Local health, school leaders still waiting for state COVID guidance

Local Coronavirus Coverage

‘Thanksgiving weekend makes everything kind of in slow motion

JOHNSON CITY, Tenn. (WJHL) – School administrators and public health leaders in the Tri-Cities region are still waiting for further instruction from Nashville after Governor Bill Lee signed the COVID-19 omnibus law.

The law redefined how public health officials are meant to look at basic public health practices, Sullivan County Regional Health Department Medical Director Dr. Stephen May explained.

“The use of ‘quarantine’ and ‘isolation’ in the law was used as synonymous, as opposed to public health ‘isolation’ refers to specifically a case; ‘quarantine’ refers specifically to a contact,” he said.

Furthermore, May said the law changed basic public health policies adopted long ago.

“The language that was removed from our isolation and quarantine guidelines was ‘must’ and changed to ‘should.’ So isolated cases should continue to isolate and that’s the keyword — should, not must. And with quarantine, a similar type of wording change, indicating that it’s predominantly voluntary,” he said.

Under the new law, health leaders can now only request rather than mandate that someone who has tested positive must isolate for the appropriate amount of time — 10 days.

Schools districts told News Channel 11 that the only weapon in their arsenal against the spread of COVID-19 is a communicable disease policy that could be used for literally any contagious disease like the flu, strep, the common cold, or even the novel coronavirus.

The catch is that with COVID-19 not every infected individual is symptomatic, so the concern is that parents who have children test positive for COVID-19 would then still send their children to school.

“Well, the language is certainly very confusing, and that’s where the rules need to be promulgated. And we hope to have guidance on the actual intent of the law versus the actual language of the law. We’re looking at that language, and then the state is promulgating those rules and regulations as to how it’s to be interpreted,” Dr. May said.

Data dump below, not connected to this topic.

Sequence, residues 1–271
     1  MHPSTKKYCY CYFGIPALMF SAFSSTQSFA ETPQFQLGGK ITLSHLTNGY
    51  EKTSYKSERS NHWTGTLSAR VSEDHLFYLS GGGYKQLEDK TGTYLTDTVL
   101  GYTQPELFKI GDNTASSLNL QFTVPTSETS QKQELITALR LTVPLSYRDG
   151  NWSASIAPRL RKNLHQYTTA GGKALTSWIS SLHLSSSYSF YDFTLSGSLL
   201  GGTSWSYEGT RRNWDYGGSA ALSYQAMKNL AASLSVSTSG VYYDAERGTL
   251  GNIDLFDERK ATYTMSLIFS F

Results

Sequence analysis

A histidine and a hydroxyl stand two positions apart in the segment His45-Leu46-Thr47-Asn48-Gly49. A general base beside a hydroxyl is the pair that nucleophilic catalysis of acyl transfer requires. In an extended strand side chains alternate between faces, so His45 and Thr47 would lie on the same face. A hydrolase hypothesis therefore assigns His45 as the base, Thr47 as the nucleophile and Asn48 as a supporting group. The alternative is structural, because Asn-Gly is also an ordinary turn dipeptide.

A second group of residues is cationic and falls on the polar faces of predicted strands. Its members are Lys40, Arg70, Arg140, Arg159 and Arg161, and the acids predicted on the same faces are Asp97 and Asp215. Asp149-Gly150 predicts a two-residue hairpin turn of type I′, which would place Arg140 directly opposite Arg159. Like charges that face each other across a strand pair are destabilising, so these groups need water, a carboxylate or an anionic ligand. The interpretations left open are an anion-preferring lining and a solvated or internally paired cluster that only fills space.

Washington County Schools officials hope to use existing school policies to stop the spread.

“If they are a positive case and we’re aware of that, unless they come back with a negative test we’re gonna have to ask them to stay home,” Superintendent Jerry Boyd said Monday.

He said his district would be tackling each potential case on a case-by-case basis.

“As far as us moving forward, we’re just relying on our pre-existing policy around addressing anyone that has symptoms of any disease that could be contagious and dealing with individuals based on the expertise of our school nurses,” he said.

Those school nurses, he explained, are now shifting their focus from identifying and tracing COVID cases to identifying and tracking influenza, streptococcal pharyngitis (strep) and other common wintertime communicable diseases.

The law also stipulates that schools may no longer contact trace, quarantine or isolate students or staff.

“That’s up to the health department to do the contact tracing, to do any quarantining,” Johnson City Schools Superintendent Steve Barnett said.

“We still communicate with the health department if we have a case and there’s a question, but generally we refer our families to the health department.”

Both school districts indicated that the health department is still communicating COVID case data with school and health officials, this echoed in Sullivan County by Dr. May.

He said this law has posed a challenge to public health experts aimed at controlling the spread of the deadly virus.

“It is challenging, but our job continues the same,” May said.

“The biggest game-changer is that I’m really disappointed in is the amount of vaccine uptake. The vaccine spells the end for this disease number one, or at least certainly gives us good control. And this is now a vaccine-preventable illness like measles, mumps, rubella, all childhood diseases. It is a vaccine-preventable illness certainly at preventing hospitalization and death. And those are the two endpoints that I’m most concerned with,” May said.

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